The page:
Minority in Diaspora

Published On: September 29th, 2020|Categories: People and Places|Tags: , , , , |

Diaspora evokes a sense of loss. For me the struggle to write arose out of disruption – trying to recover grounded-ness under the constant chaos of moving across international borders. Writing has been a helpful exercise to converge disjunctive moments in life, bridging the gap between foreign surroundings and faraway memories. It is therapeutic to piece together the fragments.

While a life on the move provides plenty of inspiration for prose, the downside is to not be able to fit into neat categories of national literature. The difficulties are twofold: coming into terms with identity and searching for relevant publication venues. As my Chinese family moved from Canada back to China early on, the question of identity has always lingered in the back of my mind. Among my friends in China, I had always presented myself as Chinese. Identity was more like a camouflage, a protective layer so as to not appear different. It took endless sessions of post-colonial theory courses and pet therapy before I could finally start talking about being Canadian. Writing also helped me claim my identity. It was a process of self-validation. Having acquired English as my native language at a young age, not being able to speak it in China was like being deprived of a voice. Even as I was studying in the US and UK, I had to face constant interrogation from strangers about why and how I spoke English so fluently, like an implicit warning that English will never be my language because I looked Asian. These microaggressions are a prelude to the discrimination and erasure that many women writers of color face in the West.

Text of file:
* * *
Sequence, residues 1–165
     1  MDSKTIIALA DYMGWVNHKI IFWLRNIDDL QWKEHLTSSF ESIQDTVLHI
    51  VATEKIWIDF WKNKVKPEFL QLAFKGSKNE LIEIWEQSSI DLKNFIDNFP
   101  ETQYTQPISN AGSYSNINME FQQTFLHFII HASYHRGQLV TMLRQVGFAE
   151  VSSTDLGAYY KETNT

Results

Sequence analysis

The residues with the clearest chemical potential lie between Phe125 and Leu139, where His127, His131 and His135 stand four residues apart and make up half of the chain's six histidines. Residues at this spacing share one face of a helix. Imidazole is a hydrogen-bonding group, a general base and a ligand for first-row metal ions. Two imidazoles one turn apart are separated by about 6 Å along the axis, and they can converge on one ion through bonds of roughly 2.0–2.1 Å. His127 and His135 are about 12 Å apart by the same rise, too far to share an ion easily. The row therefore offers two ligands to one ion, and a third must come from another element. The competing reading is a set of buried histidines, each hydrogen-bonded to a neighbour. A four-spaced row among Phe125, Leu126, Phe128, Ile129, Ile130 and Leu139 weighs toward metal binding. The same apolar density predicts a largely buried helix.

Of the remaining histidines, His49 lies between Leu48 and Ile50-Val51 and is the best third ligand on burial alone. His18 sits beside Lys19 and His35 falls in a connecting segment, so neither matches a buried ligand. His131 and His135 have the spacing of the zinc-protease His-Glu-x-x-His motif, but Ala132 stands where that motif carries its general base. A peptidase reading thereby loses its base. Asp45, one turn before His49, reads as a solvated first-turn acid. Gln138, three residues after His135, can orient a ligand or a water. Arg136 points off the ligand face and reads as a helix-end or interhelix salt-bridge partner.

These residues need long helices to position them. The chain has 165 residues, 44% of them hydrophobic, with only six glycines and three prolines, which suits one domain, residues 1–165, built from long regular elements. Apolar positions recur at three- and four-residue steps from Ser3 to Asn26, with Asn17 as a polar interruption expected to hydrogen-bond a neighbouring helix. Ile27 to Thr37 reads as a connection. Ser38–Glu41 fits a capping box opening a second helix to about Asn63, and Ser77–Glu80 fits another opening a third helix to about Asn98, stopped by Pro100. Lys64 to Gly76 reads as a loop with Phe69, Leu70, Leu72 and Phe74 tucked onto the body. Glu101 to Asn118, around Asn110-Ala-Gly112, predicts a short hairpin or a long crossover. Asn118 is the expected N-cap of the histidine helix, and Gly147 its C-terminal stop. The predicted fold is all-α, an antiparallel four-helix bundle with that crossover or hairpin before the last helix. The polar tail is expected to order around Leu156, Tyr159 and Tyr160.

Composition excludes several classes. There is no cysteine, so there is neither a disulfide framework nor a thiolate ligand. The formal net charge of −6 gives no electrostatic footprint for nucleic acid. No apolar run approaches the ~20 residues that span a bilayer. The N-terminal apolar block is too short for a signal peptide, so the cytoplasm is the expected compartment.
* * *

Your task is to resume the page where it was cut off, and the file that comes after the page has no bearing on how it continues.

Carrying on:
Walking past shelves of English literature displayed in bookshops had frequently left me with a sense of defeat. One could easily tell that nearly all of the visible names on the book ridges were Caucasian. When Asian or Asian American/Asian Canadian writers take the spotlight, the story is either a tragic tale of fleeing Communist China or the hardships of immigrant life in North America. While masterpieces such as Ocean Vuong’s On Earth We’re Briefly Gorgeous are simply too poignant and real, only making the marginalized experiences of these writers of Asian background visible caters to a public need to consume grief. The reality of being Asian, especially in East Asia, can be quite different from the simplistic descriptions of oppression in Anglophone literature. As I looked upon famous Asian and Asian American writers as role models in writing, I found myself indulging in unhealthy reiterations of oppression, even though I myself was lucky enough to mostly be free of the discriminative experience as I grew up in Asia. This is not to say that every Chinese person in China is better off than a Chinese Canadian. Literature has the duty to illuminate the multiple dimensions of privilege and deprivation rather than reinforce existing cultural stereotypes. To break free from the limitations of existing themes for minority literature in English is to recognize that every voice matters.